At a prayer breakfast in Philadelphia last month, Republican presidential contender Elizabeth Dole confessed that her life was "threatened with spiritual starvation" until she humbled herself before God. In April, George W. Bush told churchgoers in Houston that "something was missing" in his life until a chance meeting with a Christian prophet helped him "recommit my life to Jesus Christ."

It used to be that when moderate Republicans such as Dole and Bush appeared before a group of Christian evangelicals, they could expect to be grilled about their stands on abortion, gay rights and other sensitive social issues. Increasingly, though, these encounters involve a more intimate dialogue, in which the politicians tell personal stories of their salvation as a proxy for committing to specific positions on the issues.

Most of the top-tier Republican presidential candidates -- including Bush and Dole -- already have told Christian leaders they will not push for a constitutional amendment to ban abortion but instead will concentrate on "changing hearts," as Bush put it.

Yet this retreat does not signify a snubbing of the religious right; the candidates simply have found a different way to reach out to evangelicals, by adopting the familiar rhythms of religious confession, telling narratives of their own salvation in Christ -- substituting, in essence, an evangelical style for a substantive stand on the issues.

Bush and Dole, in particular, have perfected what in evangelical circles is known as a testimony -- a quick biographical sketch of their faith, taking them from the drudgery of perfunctory churchgoing down into the valley of despair, then back up again to a glorious rebirth in Christ.

These confessional narratives seem to be resonating with evangelicals. After the Clinton scandals, Christian right leaders say they are more wary of a candidate with a shifty character than one who may be shaky on certain issues.

"We feel equally intensely about abortion, but there is a growing number of us who feel the issue we care about most is depth of character and commitment to Christian faith," said Mark Holbrook, a board member of the Christian Management Association who has invited Dole and others to speak to the network of 1,600 evangelical churches. "If you think about it, what's more important, a person's position on abortion or a person's personal faith in the Lord? That's the foundation. Everything starts there."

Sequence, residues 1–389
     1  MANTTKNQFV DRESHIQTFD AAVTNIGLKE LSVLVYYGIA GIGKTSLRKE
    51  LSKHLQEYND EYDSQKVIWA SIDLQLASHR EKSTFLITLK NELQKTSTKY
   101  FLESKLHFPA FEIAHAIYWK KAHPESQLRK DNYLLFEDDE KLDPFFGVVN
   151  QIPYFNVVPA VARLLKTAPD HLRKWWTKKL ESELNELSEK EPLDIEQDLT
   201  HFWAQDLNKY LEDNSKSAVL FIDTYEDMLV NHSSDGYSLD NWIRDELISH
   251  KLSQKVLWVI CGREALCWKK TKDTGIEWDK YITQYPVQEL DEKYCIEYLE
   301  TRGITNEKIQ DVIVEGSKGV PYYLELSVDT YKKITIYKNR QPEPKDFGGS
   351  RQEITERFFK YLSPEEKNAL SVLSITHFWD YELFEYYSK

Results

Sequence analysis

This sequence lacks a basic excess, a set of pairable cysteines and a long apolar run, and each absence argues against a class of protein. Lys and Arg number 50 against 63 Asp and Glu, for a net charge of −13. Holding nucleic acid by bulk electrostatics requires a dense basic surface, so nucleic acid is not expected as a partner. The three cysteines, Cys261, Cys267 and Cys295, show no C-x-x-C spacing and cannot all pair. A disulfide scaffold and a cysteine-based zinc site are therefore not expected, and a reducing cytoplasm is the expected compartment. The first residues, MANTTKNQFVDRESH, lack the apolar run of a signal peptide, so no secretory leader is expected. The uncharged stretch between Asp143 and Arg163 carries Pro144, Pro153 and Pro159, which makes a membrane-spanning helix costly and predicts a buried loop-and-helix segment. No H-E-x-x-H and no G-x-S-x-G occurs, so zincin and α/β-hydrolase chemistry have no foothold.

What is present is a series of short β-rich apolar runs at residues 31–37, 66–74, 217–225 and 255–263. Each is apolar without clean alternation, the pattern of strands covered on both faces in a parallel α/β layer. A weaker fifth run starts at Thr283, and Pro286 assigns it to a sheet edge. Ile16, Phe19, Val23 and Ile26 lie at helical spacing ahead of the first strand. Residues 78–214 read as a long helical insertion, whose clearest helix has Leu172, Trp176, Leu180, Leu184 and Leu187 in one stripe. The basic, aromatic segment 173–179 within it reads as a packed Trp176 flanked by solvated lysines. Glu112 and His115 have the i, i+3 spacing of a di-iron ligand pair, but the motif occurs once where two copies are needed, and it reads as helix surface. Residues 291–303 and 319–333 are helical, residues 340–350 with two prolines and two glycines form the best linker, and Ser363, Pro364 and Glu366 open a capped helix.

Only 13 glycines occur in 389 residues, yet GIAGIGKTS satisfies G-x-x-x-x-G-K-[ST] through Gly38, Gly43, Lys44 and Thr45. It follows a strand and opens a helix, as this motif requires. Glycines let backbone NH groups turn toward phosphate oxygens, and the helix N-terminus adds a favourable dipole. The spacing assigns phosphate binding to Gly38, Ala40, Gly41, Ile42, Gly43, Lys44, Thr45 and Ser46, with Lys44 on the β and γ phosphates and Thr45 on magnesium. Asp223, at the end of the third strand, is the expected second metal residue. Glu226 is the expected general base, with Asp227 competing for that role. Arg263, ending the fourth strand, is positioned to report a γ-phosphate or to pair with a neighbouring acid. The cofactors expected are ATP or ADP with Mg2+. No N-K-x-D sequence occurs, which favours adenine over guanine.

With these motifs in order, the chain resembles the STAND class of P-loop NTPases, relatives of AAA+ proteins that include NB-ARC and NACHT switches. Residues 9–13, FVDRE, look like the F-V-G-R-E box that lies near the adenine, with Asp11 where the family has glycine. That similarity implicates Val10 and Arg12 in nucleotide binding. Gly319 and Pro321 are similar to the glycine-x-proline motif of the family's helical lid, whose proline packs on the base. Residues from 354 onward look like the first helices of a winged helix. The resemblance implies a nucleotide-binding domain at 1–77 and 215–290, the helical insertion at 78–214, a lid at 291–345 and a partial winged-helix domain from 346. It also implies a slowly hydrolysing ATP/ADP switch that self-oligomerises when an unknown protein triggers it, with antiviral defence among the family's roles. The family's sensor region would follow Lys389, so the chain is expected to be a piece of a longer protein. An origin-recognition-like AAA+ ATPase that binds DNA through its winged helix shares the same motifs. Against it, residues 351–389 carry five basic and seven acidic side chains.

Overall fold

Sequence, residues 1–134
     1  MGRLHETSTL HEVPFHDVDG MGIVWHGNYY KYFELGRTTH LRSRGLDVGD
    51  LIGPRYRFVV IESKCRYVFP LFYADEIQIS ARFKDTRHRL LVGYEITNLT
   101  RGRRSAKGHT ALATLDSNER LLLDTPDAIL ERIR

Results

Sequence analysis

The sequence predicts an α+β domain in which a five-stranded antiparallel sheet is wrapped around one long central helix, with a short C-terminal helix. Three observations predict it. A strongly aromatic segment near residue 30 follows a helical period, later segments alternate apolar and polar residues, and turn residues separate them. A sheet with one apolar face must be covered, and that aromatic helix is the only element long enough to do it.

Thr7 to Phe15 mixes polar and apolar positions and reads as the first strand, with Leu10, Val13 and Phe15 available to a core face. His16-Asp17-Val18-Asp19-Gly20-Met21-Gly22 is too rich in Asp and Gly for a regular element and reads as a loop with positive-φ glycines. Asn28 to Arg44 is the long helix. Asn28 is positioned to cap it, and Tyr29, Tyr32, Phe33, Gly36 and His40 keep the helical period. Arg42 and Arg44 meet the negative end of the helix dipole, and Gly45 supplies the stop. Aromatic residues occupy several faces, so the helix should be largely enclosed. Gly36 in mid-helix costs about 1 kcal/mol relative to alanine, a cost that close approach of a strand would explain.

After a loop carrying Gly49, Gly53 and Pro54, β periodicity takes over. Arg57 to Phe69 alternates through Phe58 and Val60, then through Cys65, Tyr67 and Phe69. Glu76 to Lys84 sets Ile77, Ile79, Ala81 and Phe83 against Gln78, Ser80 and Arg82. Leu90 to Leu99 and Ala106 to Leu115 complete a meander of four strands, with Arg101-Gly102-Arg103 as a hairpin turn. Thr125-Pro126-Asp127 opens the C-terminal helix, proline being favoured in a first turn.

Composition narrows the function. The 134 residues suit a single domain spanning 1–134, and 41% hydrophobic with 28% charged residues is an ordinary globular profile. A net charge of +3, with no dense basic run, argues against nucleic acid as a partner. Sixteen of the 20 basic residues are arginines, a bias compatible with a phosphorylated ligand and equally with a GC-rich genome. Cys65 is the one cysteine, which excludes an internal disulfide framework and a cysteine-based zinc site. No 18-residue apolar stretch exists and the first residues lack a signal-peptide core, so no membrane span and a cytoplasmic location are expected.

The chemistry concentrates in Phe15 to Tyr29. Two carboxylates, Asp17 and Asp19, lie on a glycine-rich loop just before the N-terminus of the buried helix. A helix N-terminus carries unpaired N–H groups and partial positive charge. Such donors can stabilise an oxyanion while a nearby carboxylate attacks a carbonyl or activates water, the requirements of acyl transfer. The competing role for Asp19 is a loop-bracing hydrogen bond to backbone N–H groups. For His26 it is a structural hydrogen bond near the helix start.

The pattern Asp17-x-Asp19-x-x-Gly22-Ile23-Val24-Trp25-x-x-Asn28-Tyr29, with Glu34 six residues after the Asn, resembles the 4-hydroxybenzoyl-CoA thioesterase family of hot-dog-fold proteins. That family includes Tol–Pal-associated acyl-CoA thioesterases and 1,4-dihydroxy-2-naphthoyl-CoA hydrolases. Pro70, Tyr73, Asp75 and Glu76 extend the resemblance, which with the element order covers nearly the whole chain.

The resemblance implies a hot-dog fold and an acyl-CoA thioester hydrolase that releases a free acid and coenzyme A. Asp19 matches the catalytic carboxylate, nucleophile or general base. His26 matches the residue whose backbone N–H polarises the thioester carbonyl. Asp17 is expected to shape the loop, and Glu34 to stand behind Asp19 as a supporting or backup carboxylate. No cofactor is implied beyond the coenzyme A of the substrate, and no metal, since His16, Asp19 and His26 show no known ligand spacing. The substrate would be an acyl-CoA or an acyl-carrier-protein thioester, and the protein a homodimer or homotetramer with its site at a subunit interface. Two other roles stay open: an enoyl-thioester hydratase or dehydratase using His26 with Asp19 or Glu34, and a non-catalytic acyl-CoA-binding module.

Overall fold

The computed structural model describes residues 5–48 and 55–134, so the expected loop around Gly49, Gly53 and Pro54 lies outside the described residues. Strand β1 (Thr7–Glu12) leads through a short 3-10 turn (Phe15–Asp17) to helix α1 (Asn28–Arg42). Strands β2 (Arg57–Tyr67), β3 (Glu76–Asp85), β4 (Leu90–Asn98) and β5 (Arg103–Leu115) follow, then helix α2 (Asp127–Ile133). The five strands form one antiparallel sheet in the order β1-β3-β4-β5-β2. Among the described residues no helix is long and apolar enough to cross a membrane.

Even candidates who are not reaching out to the religious right are projecting a diffuse spirituality. In April, Vice President Gore gave a speech praising faith-based organizations in explicitly Christian inspirational language: "Jesus said that the Kingdom of God is within us," he explained. He did not share his own testimony but told the personal stories of others -- a depressed woman and a drug addict transformed through the power of faith.

Christian testimonies are as old as the Apostle Paul, but only in the last 30 years or so have they taken the form of soul-baring public confessions. In the past, professions of faith by public figures such as Woodrow Wilson were more likely to be philosophical orations on what they believed than stories of how they came to believe it. But in the 1960s, in response to shifts in theology and culture, evangelicals began replacing somber declarations of faith with intimate confessions of personal salvation. A decade later, Jimmy Carter introduced this idiom to presidential politics.

"In the past, someone could say, `thus sayeth the Lord' and be sure of it," explained Haddon Robinson, a professor at Gordon Conwell Seminary who is recognized as one of the country's most effective preachers. "Now, there is less certainty among many people about the basic message of their Christian faith. And when a society has lost track of absolute truth, it tends to focus on personal experience."

A convincing testimony usually contains a few common elements: It begins with a portrait of the old sinning self, withered and all too human. It ends with a joyous rebirth, a new self flushed with love for God and an inner peace. Effecting the transformation is some well-timed prophet, a pastor or friend, bearing the gift of humility.

The form plays down the importance of argument in favor of depth of emotion and telling a good yarn. "Some folks kind of regret they grew up in a good life," said Robinson. "It's much more dramatic to say I was a drunk and a gambler and a womanizer until I found Christ. Growing up in a good home doesn't quite have that zing."

In the absence of an obvious, nameable vice, most people describe a feeling of emptiness, a "spiritual starvation," as Dole said. In that sense her testimony is typical.

Even before her presidential campaign, Dole had been sharing her testimony in Christian circles, either privately or in groups. As in most such stories, her old self carries most of her personal weaknesses.